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Publication numberUS2893978 A
Publication typeGrant
Publication dateJul 7, 1959
Filing dateMay 2, 1957
Priority dateMay 2, 1957
Also published asDE1142700B
Publication numberUS 2893978 A, US 2893978A, US-A-2893978, US2893978 A, US2893978A
InventorsJr Harold G Cooke
Original AssigneeDevoe & Raynolds Co
Export CitationBiBTeX, EndNote, RefMan
External Links: USPTO, USPTO Assignment, Espacenet
Epoxide resins, etc.
US 2893978 A
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Description  (OCR text may contain errors)

r ma

rates EPOXIDE RESINS, ETC.

No Drawing. Application May 2, 1957 Serial No. 656,516

15 Claims. (Cl. 260--47) This'invention relates to epoxy resins and other products resulting from the reaction of triglycidyl cyanurate with dihydric phenols, and includes the new products and the method of producing them.

The process of the invention is one in which triglycidyl cyanurate is reacted with dihydric phenols in proportions varying from about 1 mol of dihydric phenol to 2 mols of triglycidyl cyanurate, to about 3 mols of dihydric phenol to 1 of triglycidyl cyanurate. Products of different properties and characteristics are produced by the process, depending on the proportions of dihydric phenol and triglycidyl cyanurate reacted.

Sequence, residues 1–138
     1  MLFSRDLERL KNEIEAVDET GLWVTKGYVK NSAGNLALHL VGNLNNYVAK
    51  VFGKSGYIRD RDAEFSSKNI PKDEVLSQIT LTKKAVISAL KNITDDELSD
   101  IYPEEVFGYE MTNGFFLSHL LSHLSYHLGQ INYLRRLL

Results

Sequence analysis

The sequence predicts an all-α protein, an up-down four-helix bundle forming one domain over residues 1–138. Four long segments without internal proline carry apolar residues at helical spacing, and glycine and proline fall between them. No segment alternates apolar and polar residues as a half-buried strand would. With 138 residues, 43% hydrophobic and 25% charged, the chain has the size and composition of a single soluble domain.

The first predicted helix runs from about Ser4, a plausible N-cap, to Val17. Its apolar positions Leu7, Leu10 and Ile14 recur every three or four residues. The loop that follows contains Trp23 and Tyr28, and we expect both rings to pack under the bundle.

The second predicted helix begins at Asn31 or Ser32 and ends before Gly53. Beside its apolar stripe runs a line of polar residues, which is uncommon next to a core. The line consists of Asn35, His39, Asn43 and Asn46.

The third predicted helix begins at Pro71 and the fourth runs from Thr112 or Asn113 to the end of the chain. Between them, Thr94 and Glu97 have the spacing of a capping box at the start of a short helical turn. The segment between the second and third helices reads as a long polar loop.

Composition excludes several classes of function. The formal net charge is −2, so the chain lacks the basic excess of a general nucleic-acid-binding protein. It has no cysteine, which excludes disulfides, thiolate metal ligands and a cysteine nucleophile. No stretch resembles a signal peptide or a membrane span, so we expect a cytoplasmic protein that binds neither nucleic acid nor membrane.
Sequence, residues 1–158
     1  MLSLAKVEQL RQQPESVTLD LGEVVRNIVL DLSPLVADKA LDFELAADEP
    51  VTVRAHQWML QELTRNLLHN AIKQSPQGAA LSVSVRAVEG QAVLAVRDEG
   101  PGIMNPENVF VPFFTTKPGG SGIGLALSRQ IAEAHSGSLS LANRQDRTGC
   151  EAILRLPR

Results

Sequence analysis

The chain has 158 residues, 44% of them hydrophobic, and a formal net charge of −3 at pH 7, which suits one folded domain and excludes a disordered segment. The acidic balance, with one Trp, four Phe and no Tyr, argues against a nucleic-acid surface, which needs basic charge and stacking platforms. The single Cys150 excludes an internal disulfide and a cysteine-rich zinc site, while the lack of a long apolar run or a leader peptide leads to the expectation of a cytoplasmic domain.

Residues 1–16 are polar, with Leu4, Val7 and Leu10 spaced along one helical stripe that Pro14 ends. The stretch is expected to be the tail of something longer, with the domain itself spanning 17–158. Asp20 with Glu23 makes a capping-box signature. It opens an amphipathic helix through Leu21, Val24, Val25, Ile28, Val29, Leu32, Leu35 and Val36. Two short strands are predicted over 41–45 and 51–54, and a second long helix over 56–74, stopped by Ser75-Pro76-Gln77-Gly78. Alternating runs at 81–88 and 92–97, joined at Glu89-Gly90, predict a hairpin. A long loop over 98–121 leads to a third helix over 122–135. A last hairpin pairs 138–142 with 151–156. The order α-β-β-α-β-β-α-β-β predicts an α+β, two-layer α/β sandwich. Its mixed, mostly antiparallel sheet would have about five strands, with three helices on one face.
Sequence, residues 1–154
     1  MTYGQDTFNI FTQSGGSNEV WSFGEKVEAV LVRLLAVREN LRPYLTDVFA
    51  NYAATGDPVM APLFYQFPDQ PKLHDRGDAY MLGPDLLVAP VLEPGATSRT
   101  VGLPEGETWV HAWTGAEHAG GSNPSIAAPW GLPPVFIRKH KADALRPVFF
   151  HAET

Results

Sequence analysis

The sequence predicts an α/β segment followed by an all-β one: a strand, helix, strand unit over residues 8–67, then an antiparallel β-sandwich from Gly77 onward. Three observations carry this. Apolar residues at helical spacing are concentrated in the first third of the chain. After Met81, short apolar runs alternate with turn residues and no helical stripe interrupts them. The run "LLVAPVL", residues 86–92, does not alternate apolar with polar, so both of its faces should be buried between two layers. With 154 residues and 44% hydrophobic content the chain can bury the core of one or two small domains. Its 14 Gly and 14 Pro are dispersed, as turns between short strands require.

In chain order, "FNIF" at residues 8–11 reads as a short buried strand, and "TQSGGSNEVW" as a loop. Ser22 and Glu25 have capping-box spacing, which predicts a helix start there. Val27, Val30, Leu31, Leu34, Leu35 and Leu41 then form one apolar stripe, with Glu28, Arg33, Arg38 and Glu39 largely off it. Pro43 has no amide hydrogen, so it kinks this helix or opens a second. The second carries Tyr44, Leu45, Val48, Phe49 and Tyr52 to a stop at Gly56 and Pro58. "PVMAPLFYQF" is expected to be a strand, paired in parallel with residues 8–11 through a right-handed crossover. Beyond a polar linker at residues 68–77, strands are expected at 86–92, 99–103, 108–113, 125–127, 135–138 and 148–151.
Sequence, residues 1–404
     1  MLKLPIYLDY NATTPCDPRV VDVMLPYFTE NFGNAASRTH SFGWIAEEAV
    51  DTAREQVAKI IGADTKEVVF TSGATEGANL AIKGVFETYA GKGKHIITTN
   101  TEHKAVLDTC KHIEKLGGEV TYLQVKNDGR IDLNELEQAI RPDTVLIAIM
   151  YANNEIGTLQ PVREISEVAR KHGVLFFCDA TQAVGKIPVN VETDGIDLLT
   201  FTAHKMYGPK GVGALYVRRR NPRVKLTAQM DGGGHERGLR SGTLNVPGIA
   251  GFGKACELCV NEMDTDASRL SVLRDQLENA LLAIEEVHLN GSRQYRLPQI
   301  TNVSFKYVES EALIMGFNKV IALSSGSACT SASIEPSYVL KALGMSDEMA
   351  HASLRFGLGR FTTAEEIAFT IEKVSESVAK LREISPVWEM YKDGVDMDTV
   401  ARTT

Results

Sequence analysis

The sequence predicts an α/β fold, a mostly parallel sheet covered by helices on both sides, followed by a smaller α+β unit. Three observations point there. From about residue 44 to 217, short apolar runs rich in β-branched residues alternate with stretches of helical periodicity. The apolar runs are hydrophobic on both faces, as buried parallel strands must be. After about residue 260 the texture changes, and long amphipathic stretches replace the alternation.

One type or class of products which are higher melting point epoxy resins are produced by the reaction of an excess of triglycidyl cyanurate with materially less than the equivalent proportion of dihydric phenol. Thus, the reaction of 2 mols of triglycidyl cyanurate as a triepoxide with 1 mol of dihydric phenol is illustrated by the following reaction, in which R is the hydrocarbon residue of the dihydric phenol.

ZCHgCHCHgOC C-OGH CHOH -i-HO-dZ-OH I ooHzdnon,

formed.

When proportions of triglycidyl cyanurate and dihydric phenol are used which are approximately equivalent, con

sideringv one epoxide group of the triglycidyl cyanurate as equivalent to one hydroxyl group of the dihydric phenol, reaction products of an insoluble and infusible character can readily be produced.

When an excess of dihydric phenol is used, for example 3 mols of dihydric phenol to 1 mol of triglycidyl cyanurate, the reaction results in the production of a trihydric phenol having the following formula, in which R is the hydrocarbon residue of the dihydric phenol:

atgntj.